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Alaska-based soldier found guilty in fellow GI's shooting death

May. 2, 2013 - 08:29PM   |  
Marshall D. Drake
Spec. Marshall D. Drake was found guilty of involuntary manslaughter in the Christmas Day shooting of Pfc. Grant W. Wise. (Army /via AP)
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ANCHORAGE, ALASKA — An Alaska-based soldier from South Carolina will serve nearly 12 years in a military prison and be dishonorably discharged after shooting a fellow soldier in the face on Christmas morning, killing him, a military judge determined Thursday.

Spec. Marshall D. Drake Jr., of Mount Pleasant, S.C., was sentenced by Maj. Stefan Wolfe on Thursday to 11 years, 9 months after being convicted in a general court-martial of involuntary manslaughter.

The 23-year-old Drake was accused of shooting Pfc. Grant W. Wise, of Fairport, N.Y., in Drake's barracks room on Joint Base Elmendorf-Richardson in Anchorage, The Anchorage Daily News reported.

The general court-martial began at the base Wednesday, when witness Pvt. David Hubbard said that the handgun had been dry-fired multiple times before it discharged the fatal shot.

The prosecutor, Capt. Christopher Chatelain, said in his opening statement that Drake and Wise had been drinking the morning of the shooting and banged on doors shouting, "No one should be alone on Christmas."

They woke up Hubbard at 3:30 a.m., he said. They returned three hours later and persuaded Hubbard to join them.

In Drake's room, Hubbard said, Drake opened a drawer and removed a .45-caliber Kimber 1911 Custom II handgun.

"I was a little shocked," Hubbard said. "Weapons aren't allowed in the barracks. I was the new guy. I didn't want to be weird about it. He was the senior guy, so I didn't want to be harping about rules."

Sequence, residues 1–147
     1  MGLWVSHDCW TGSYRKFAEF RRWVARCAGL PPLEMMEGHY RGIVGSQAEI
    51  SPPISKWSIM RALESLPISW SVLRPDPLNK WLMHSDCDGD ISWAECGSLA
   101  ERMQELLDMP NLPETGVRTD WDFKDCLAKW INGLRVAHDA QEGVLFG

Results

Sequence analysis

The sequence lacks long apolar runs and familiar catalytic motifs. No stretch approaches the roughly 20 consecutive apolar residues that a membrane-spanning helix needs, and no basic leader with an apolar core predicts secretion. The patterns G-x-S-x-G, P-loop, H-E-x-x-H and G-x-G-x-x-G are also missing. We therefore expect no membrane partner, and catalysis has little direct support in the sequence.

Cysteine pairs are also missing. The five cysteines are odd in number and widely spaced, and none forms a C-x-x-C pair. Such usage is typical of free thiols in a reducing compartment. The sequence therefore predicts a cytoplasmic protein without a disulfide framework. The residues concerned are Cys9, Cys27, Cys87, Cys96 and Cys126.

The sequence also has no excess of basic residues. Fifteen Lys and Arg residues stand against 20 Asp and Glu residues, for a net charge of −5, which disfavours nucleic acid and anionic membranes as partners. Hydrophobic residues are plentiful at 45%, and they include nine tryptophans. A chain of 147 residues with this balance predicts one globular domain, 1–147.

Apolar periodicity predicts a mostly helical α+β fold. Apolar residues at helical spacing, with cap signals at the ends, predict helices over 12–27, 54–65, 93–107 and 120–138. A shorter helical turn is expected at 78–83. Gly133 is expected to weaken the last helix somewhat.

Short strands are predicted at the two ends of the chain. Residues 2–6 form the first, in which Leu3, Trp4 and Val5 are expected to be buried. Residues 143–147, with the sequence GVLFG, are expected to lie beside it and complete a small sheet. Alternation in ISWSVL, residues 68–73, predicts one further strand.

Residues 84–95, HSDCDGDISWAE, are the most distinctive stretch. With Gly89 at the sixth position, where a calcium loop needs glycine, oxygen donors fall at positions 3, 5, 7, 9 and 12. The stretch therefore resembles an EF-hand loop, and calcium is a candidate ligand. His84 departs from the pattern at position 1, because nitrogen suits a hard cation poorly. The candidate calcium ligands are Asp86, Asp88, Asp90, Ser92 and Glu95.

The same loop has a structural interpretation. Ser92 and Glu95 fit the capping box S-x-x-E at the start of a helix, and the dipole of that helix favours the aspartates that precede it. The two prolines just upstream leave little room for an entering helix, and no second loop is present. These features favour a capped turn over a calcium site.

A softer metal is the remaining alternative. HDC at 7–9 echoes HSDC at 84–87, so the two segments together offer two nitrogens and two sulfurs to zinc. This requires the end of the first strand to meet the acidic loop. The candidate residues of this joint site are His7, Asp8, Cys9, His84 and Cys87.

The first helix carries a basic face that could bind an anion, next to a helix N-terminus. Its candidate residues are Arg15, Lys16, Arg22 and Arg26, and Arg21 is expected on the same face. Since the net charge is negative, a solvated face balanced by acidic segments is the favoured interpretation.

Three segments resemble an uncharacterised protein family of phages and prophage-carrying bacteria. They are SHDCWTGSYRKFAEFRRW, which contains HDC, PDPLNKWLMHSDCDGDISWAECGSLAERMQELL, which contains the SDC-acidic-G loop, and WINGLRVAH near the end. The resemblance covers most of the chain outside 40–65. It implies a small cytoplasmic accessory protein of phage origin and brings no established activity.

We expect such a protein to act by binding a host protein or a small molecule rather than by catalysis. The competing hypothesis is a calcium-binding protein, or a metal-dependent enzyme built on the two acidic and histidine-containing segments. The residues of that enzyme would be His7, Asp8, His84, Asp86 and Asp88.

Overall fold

Drake took a loaded magazine from the handgun and ejected a round from the chamber. He pulled the slide a couple more times to show his friends the gun was empty and handed it to Wise, who dry-fired the gun. Wise handed the gun to Hubbard, who also worked the slide and dry-fired.

Wise and Drake began joking, and after Wise made a sarcastic remark, Drake pointed the gun at Wise's face as he talked in a "tough guy" voice, like a mobster, Hubbard said.

Drake then pulled the trigger and the gun discharged, striking Wise. Drake tried to put pressure on the wound, and when he lifted his hands, Wise was bleeding profusely.

"I thought it was a joke," Hubbard said. "I thought it was an elaborate prank. It was Christmas morning, and I just saw my buddy get shot. It didn't seem real."

Hubbard called 911 but became disconnected, he said. Drake told him he should say Wise had shot himself, Hubbard testified. That made him mad and he punched a wall, he said.

Hubbard called 911 again and said a soldier had accidentally shot another soldier.

Hubbard at first told investigators Wise had not touched the gun and Drake's attorney, Capt. John Haberland, questioned why he changed his testimony.

"Pvt. Hubbard is a young man who believed he had to change details to get the desired result," Haberland said. "Hubbard's inconsistencies will make it clear ... there was no negligent act on the part of Spc. Drake that caused the demise of Pfc. Wise."

Hubbard said he could not explain how a bullet got into the gun.

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